Confirmed Panelists: Debra Bowen, California Secretary of State; Doug Chapin, Director,; Ronald L. Rivest, Professor of Electrical Engineering and Computer Science, MIT; Pamela Smith, President, Verified Voting Foundation

11:45 am - 11:55 pm: 2008 TR35 elevator pitches - 4

11:55 am - 12:30 pm: Keynote - Vandebroek

Sophie V. Vandebroek, CTO, Xerox; President, Xerox Innovation Group

Sophie Vandebroek directs Xerox’s worldwide research centers, which spearhead the company’s innovation efforts. Hear about her vision of innovation and some of the new technologies emerging from Xerox’s labs.

Concurrent Breakout Sessions

Breakout Session A
1:50 pm - 3:00 pm: Parallel Computing

Long the province of academic computer scientists and scientific researchers, parallel computing is moving into the mainstream as multicore microchips become standard. Intel and Microsoft have announced a $20 million collaboration with universities to spur practical research into consumer applications. How will these companies and others bring programming for multicore computers into wider use?

Moderator: Robert X. Cringely, Writer, Broadcaster, and Computerguy
Confirmed Panelists: Anwar Ghuloum, Principal Engineer, Intel Corporation; Charles Leiserson, Professor of Computer Science and Engineering, MIT; Founder, Cilk Arts; Bob Lozano, Chief Strategist and Founder, Appistry; Marc Snir, Director, Illinois Informatics Institute at the University of Illinois; Dan Reed, Director of Scalable and Multicore Computing Strategy, Microsoft

Breakout Session B
1:50 pm - 3:00 pm: Personal Genomics

Consumer genetic testing has blossomed in the past year, with companies offering customers information on everything from their racial ancestry to their relative risk of conditions such as obesity and cancer. But how will people react to knowing their genomic information, whether medical or genealogical? And do biologists even have enough information to accurately interpret genetic data?

Moderator: Emily Singer, Biotechnology and Life Sciences editor, Technology Review
Confirmed Panelists:
Linda Avey, Cofounder, 23andMe; George Church, Professor of Genetics and Director of the Center for Computational Genetics, Harvard Medical School; David Hunter, Director, Harvard Center for Cancer Prevention, Harvard School of Public Health; Michele Cargill, Director of Human Genetics, Navigenics

Breakout Session C
1:50 pm - 3:00 pm: Predictive Software

Computer scientists are taking advantage of vast databases and sophisticated modeling techniques to create algorithms that can make helpful predictions of traffic patterns, business opportunities, changes in financial markets, and even international conflicts. How will such foreknowledge change the way we make decisions?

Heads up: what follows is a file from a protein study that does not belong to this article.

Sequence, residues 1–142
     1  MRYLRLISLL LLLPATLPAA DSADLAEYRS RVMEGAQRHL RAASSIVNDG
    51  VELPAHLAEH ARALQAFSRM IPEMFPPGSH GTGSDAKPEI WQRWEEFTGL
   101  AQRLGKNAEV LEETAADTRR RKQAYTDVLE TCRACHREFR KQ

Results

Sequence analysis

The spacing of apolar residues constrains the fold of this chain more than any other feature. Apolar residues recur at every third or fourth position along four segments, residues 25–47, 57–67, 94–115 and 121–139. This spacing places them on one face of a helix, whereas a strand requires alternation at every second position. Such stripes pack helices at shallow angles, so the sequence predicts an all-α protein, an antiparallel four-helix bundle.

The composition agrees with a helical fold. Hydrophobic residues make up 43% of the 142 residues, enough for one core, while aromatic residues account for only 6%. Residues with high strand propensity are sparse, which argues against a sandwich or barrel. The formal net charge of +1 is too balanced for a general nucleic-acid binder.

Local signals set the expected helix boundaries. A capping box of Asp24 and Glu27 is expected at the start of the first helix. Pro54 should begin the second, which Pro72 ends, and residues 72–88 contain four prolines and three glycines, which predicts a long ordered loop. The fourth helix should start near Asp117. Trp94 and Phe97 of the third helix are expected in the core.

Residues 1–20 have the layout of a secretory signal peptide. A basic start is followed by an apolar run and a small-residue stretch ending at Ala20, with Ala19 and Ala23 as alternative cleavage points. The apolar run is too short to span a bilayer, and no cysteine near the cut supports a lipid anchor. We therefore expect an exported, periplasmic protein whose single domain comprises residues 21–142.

Moderator: Erica Naone, Assistant Editor, Technology Review
Confirmed Panelists: Eric Bonabeau, CEO, Icosystem; Craig Chapman, Cofounder and CTO, INRIX; Eric Horvitz, Principal Researcher and Research Area Manager, Microsoft Research; Claudia Perlich, Research Staff Member, IBM T.J. Watson Research Center

Concurrent Breakout Sessions

Breakout Session A
3:15 pm - 4:25 pm: Is There a Clean-Tech Bubble?

Venture capitalists are investing record amounts in startups developing solar power, biofuels, and other renewable sources of energy. But is too much money fueling too many overhyped companies? And have we seen all this before? Experts realistically assess the opportunities and the dangers in the rapidly developing field of clean technology.

Moderator: David Rotman, Editor, Technology Review
Confirmed Panelists:
David Berry, Principal, Flagship Ventures; Robert Day, Principal, @Ventures; James Kim, Senior Partner, CMEA Ventures

Breakout Session B
3:15 pm - 4:25 pm: Open-Source Hardware

Open-Source Hardware

Do-it-yourself hacker magazines, websites, and meetings are multiplying. It's easier than ever to buy inexpensive, off-the-shelf hardware components, from touch screens and cameras to GPS receivers and microcontrollers. The combination adds up to a growing trend toward “open-source hardware,” spurring innovation in gadget design.

Moderator: Kate Greene, Information Technology Editor, Technology Review
Confirmed Panelists:
Peter Semmelhack, Founder and CEO, Bug Labs; Eric von Hippel, Professor and Head of the Innovation and Entrepreneurship Group, MIT Sloan School of Management; Eric J. Wilhelm, Founder and CEO, Instructables

Breakout Session C
3:15 pm - 4:25 pm: TR35: Connecting and Collaborating through IT

A panel of past and present TR35/TR100 honorees discuss innovations in IT that influence how we communicate and work together.

Moderator: Erika Jonietz, Senior Editor, Technology Review
Confirmed Panelists: Dries Buytaert, CTO and Cofounder, Acquia; Tanzeem Choudhury, Assistant Professor, Dartmouth College; Meredith Ringel Morris, Researcher, Adaptive Systems and Interaction Group, Microsoft Research; Adam Smith, CTO, Xobni

4:35 pm - : Closing performance: Zoë Keating

Zoë Keating

Classically trained musician Zoë Keating combines her cello and a small box of electronics to create original works that inhabit a unique space somewhere between classical music and electronica.